exactly. You, you know, with Facebook Yeah. That, you know, the metaverse
and all of the changes with just with the ads management platform. It’s
maddening. Like sometimes it just makes me want to like bang my head against
the wall because everything changes all the time.
There’s new types of ads, there’s new types of bidding. There’s, there’s, you
know, everything is always changing. And if you don’t like that and you aren’t
going to stay on top of it yourself, you need to hire a professional to manage it
for you. Exactly. Otherwise, it’s a good way to flush your money down the
Exactly. That’s just take out a thousand dollars, light it on fire, throw it up in the
air, you know, you might get the same result.
Crystal: Yeah, exactly. We don’t want to be doing that. This was so good by my
final question is because in part one and part two, we talked a lot about candles,
uhhand you specifically talked a lot about lime scented candles.
So what is your favorite candle scent?
Wickam: Oh, that’s a good question. I do really like the, like the fruit-scented
candles. Okay. But I also like the, like the cool water, kind of like, you
know, fresh Atlantic breeze, kind of scented candles.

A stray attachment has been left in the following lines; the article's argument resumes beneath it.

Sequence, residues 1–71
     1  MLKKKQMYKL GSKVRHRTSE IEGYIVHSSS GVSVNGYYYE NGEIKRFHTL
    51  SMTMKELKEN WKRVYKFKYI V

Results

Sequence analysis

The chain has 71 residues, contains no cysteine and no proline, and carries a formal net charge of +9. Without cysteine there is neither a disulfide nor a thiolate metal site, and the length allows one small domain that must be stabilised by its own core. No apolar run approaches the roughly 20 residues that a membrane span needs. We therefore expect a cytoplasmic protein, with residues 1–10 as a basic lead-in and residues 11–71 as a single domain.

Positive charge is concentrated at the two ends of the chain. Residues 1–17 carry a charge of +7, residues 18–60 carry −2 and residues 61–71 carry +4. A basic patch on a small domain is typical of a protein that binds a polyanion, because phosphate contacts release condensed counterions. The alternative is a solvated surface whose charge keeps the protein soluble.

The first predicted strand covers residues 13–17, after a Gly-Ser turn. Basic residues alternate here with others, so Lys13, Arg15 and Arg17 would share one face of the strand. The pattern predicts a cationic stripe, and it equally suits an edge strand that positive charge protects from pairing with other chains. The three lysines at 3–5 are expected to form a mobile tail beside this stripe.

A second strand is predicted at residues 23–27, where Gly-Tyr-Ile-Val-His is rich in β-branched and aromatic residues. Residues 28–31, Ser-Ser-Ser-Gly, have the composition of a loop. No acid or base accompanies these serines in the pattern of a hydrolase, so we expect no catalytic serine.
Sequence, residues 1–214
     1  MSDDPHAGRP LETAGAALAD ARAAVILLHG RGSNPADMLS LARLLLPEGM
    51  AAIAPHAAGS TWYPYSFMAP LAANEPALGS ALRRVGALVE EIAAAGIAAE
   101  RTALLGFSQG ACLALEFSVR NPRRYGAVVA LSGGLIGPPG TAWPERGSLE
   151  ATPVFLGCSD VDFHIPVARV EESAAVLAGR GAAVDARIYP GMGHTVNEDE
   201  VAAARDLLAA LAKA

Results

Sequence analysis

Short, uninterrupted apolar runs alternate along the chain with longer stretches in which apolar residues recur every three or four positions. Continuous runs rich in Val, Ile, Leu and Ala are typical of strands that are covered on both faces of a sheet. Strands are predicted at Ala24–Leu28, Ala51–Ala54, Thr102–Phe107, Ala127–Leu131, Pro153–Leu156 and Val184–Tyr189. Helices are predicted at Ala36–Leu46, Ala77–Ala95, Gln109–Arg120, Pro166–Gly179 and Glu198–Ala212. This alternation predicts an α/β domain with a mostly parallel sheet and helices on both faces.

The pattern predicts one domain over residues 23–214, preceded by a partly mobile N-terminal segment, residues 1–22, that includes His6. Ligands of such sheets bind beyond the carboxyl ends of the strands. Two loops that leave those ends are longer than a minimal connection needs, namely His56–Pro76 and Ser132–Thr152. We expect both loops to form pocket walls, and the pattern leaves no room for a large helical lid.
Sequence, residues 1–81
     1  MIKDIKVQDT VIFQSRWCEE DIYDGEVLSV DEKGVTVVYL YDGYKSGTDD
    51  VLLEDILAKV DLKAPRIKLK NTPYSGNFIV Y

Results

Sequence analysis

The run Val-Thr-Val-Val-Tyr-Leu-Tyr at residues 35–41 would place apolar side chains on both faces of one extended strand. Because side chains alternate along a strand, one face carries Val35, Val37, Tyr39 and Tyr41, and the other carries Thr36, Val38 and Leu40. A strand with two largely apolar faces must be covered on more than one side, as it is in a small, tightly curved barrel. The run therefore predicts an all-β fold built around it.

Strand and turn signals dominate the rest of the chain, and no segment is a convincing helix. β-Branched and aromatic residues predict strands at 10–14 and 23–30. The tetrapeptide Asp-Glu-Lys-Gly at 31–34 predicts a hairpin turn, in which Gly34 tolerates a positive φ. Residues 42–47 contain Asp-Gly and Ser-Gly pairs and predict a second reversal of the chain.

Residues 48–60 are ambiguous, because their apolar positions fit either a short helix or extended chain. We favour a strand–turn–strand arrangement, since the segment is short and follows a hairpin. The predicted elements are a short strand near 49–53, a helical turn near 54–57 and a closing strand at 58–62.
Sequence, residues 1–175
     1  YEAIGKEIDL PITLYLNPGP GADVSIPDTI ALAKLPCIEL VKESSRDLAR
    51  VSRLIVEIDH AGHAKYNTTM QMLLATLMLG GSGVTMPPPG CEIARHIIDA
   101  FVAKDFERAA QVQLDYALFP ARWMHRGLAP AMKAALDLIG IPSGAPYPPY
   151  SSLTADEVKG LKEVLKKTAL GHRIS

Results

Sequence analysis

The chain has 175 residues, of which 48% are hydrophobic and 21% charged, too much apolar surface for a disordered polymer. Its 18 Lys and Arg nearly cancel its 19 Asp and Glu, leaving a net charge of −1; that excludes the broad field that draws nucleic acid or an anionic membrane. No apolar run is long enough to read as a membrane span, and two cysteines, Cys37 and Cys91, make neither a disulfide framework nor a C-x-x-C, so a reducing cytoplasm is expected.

Crystal: Okay. I love it. I, I, I was dying to know by where could people learn
I know you said by wickham.com/digital weasels, which we will link to.
go to by wickham.com and you can click, click on the link there,
Crystal: You know, Awesome.
Wickam: Thank you so much. It’s been a pleasure. It’s been a pleasure to be
here with you, Crystal.
Crystal: So good. It’s like we did a little thank you so much.
Fresh Course Masterclass in SEO on part one and a Google Ads and part two.
Really appreciate your time and your knowledge and just sharing this really
means a lot. Thank you so much, VI.
Wickam: Oh, it’s my pleasure, Crystal. Anytime. I’m always happy to come
back on your podcast.
Crystal: Awesome. Oh, I will totally take you up on that.
And everyone listening, remember that I’m rooting for your success. Have a
great week ahead. Bye. Thank you so much for being here. It means the world
to me. Don’t forget to join the Rise and Shine newsletter, which is social media
news you need to know. Sent via email every Monday morning. Go to crystal
media co.com/rise to join and don’t miss the newest episode of Rooted in Retail,
which drops every Sunday morning.